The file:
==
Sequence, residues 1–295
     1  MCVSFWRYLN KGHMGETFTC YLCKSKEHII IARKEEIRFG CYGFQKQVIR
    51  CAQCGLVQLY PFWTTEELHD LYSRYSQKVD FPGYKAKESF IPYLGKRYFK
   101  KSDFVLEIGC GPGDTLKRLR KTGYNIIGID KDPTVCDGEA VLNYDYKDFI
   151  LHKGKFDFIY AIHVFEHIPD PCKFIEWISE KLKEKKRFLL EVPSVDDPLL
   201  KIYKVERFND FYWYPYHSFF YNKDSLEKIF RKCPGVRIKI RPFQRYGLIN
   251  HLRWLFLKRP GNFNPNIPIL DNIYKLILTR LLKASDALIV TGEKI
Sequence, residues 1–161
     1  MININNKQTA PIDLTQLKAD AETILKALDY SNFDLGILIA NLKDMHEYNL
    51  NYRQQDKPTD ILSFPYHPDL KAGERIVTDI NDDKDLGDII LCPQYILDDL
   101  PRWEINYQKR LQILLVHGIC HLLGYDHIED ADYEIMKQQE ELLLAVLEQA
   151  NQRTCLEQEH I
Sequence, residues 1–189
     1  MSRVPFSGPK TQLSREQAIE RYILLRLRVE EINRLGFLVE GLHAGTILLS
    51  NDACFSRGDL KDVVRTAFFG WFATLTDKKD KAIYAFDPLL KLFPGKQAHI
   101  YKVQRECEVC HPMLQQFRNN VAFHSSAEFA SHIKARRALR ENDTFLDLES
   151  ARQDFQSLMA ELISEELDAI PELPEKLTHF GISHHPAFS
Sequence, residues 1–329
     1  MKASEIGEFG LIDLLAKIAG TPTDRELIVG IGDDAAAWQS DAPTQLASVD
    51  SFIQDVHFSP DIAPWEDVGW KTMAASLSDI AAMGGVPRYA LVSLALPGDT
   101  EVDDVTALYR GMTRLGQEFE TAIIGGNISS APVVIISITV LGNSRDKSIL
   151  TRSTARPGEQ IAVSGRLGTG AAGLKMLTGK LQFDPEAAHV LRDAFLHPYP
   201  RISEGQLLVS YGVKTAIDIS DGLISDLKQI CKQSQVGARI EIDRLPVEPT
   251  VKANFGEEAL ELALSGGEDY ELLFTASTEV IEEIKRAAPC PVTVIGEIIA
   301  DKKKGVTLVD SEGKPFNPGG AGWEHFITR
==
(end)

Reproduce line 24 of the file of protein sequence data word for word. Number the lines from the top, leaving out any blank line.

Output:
   251  VKANFGEEAL ELALSGGEDY ELLFTASTEV IEEIKRAAPC PVTVIGEIIA